The case for debt relief
Indonesian non-government organisations call for massive relief
PEOPLE DO YOU KNOW HOW MUCH MONEY SUMATRA GENERATED EVERY MONTH .FROM LAND CROPS?PALM OIL.OIL CRUDE ?WHERE IS THE MONEY GONE? LOOK AT SUMATRA CITY LOOK AT LAKE TOBA .BRASTAGI WHERE ALL THE TOURIST DESTINATION..THEY ARE ALL DEAD.NO DEVELOPPER
NO TOLL ROAD BUILD ALONG SUMATRA.ROAD BADLY MAINTAIN AND HOLE FROM THE WET SEASON.ROAD DEPARMENT/PU ,STILL USING AN OLD TAR BOIL AND SMEAR ON TOP OF THE DIRTY SAND MIX WITH MUD OR SOIL.WHAT A FUCK UP SYSTEM STILL RUNNING IN THIS COUNTRY.
Binny Buchori & Sugeng Bahagijo
Indonesia has just freed itself from an authoritarian regime, but the Indonesian people are not free from the debt burden. Unless massive debt relief is extended to Indonesia, the next decade will be lost for millions of Indonesians and their children. Supported by international public institutions such as the World Bank, the IMF and the Paris Club, the Suharto regime accumulated US$159 billion in external debt. This debt now threatens Indonesian economic recovery.
The highlights of Indonesian external debt are as follows:
Over the period 1993-1998, Indonesia suffered a net transfer of minus US$ 5,354 million. This means that the inflow of money from loans by various creditors (bilateral, multilateral and private) was smaller than the outflow under Indonesia’s repayment obligations by this amount.
Indonesia has to pay more than half of her export earnings to service its debt. This means that over half the country’s hard currency, which could be used to buy goods and services for economic recovery and for the social safety net, goes to the rich countries and banks in the north.
Without rescheduling or debt relief, the principal repayments on Indonesia’s public external debt will increase from about $2 billion in 1999 to $5 billion in 2000, rising to $9 billion a year in both 2001 and 2002, according to the credit rating firm Standard & Poor.
Indonesian debt now amounts to over 140 percent of the annual gross domestic product, double what it was eight years ago.
How bad is it?
Before the 1997 financial crisis, Suharto preferred to call foreign debt by the name foreign aid. Because of mismanagement in handling loan proceeds, and corruption in the collection of taxes, Indonesia was not able to rely on domestic resources like manufacturing and oil and gas to gradually reduce the external debt. Indonesia continued to increase her external debt every year. At the same time the World Bank, IMF, ADB and other creditors (Paris Club, CGI) were always eager to extend new loans, despite knowing about this corruption and mismanagement.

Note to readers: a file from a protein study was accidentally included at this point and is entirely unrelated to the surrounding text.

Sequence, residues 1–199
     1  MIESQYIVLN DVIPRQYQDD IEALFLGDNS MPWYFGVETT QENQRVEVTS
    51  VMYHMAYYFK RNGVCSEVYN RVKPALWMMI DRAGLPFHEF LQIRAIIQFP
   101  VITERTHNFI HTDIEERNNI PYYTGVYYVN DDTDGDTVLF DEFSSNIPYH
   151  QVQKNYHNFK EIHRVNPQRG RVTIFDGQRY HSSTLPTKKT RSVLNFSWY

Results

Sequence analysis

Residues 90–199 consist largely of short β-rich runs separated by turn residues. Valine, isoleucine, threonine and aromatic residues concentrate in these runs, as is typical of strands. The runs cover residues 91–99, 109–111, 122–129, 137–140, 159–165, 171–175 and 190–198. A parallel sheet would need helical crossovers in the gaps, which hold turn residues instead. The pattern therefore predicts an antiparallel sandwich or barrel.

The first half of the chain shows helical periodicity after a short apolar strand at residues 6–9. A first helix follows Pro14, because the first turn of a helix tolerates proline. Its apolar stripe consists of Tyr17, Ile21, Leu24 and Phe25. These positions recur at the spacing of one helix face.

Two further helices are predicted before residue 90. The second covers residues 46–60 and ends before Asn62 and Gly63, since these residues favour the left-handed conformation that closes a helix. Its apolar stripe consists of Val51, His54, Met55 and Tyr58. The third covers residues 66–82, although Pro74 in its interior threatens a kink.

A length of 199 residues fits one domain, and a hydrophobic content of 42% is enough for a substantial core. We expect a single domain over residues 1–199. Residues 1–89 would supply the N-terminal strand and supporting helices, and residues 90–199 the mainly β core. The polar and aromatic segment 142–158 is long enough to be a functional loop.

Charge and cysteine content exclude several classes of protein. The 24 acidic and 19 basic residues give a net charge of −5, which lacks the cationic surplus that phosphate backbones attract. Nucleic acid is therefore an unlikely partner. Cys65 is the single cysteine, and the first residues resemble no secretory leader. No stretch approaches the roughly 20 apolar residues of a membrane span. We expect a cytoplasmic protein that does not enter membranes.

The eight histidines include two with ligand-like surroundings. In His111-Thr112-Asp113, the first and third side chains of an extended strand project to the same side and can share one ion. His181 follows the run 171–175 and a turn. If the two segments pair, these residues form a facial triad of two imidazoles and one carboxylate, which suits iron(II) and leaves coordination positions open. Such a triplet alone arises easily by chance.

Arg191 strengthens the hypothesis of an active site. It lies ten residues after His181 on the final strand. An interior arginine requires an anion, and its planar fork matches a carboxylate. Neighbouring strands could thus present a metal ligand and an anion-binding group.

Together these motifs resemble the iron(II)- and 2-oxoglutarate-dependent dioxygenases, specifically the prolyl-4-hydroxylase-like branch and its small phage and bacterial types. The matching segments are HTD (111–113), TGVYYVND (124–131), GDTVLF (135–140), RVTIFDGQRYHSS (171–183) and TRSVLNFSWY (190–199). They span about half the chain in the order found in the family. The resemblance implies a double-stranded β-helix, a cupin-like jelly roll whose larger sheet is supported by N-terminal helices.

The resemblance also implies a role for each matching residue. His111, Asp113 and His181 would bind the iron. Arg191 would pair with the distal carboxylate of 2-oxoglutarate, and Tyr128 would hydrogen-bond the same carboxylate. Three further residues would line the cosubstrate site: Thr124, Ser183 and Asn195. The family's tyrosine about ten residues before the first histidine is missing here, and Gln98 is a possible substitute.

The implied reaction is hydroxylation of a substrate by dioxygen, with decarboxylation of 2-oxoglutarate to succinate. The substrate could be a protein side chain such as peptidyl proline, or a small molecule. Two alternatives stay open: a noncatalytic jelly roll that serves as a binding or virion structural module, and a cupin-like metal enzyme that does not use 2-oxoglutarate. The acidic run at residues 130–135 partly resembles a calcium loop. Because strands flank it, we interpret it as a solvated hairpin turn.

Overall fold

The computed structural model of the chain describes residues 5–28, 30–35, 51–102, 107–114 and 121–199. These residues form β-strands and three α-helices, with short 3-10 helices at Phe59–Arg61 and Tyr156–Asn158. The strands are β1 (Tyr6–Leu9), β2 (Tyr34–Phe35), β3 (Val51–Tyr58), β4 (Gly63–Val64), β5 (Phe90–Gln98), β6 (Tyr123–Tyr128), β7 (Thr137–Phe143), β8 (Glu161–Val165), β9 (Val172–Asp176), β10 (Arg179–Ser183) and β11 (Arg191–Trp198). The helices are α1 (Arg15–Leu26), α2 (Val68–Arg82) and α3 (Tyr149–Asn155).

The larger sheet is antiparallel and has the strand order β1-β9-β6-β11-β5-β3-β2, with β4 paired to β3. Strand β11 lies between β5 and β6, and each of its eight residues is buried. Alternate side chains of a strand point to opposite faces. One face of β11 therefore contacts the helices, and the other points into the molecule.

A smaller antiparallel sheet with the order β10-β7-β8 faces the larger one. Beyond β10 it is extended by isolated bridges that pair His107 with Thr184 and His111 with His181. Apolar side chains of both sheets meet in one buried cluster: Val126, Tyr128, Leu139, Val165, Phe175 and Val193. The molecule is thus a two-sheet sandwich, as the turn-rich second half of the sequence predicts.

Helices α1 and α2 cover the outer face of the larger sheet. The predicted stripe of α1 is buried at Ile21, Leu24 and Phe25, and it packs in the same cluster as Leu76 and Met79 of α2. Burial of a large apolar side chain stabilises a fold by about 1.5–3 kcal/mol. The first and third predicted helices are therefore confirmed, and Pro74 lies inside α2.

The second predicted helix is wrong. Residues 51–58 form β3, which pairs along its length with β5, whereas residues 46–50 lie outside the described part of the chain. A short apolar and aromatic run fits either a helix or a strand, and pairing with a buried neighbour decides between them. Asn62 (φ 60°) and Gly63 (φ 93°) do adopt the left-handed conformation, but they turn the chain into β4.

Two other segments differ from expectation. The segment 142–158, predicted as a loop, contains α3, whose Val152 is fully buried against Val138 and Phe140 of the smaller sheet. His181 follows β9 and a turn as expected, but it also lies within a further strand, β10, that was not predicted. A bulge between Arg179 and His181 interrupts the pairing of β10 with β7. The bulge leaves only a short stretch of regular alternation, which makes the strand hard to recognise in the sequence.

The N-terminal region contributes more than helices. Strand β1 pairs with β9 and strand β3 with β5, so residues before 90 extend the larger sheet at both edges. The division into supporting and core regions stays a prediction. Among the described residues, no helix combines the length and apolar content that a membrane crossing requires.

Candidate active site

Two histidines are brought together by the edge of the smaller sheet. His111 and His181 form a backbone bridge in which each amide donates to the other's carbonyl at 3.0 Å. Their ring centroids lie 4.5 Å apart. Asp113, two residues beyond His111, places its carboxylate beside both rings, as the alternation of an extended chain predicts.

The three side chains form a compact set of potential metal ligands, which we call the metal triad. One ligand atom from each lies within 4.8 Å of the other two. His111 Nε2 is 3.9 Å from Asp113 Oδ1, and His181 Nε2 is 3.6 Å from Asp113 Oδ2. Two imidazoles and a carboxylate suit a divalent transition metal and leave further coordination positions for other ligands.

A recent study by the independent Jakarta economic think tank Econit (table) pictures continually increasing government or public debt – that is, debt owed not by private companies but ultimately by the public through the state. In 1998, the year an IMF package kicked in, it rose to US$144 billion. This debt is now higher than the total amount Indonesia produces in a year (gross domestic product, GDP). The debt service ratio (DSR) measures debt repayments (interest and principal) as a proportion of export earning. It now stands at well over half.
Public external debt (US$bn) % of GDP DSR %
1991 72 62 45
1995 107 53 43
1997 137 63 46
1998 144 147 52
Source: Econit 1999.
The financial crisis of 1997 became an economic crisis due to rapid devaluation, spiraling external debt, and a loss of investor confidence. When the IMF came to Indonesia’s rescue it applied its classic prescription of increased taxes, reduced public spending, and increased interest rates. The package caused a dramatic surge in Indonesia indebtedness. In the words of aid agency Oxfam, the IMF was not responsible for East Asia’s crisis, but it was responsible for deepening and prolonging the recession.
Behind these statistics lies a real human cost suffered by Indonesians. Here are some of the facts on how the crisis directly affects child and maternal welfare:
In West Sumatra, more than 32 thousand children out of 300 thousand children under 5 years old are critically malnourished. In Riau province, the incidence of malnourishment among children under five is 27,690 children. Across Indonesia, malnourishment among children under 5 is found in 200 district (kabupatens) out of 320.
Vitamin A deficiency has reemerged. The proportion of children aged between one and two years that do not consume eggs (the main source of vitamin A) has almost doubled to 14 percent (Hellen Keller International – HKI – data, quoted by Oxfam report, 1999)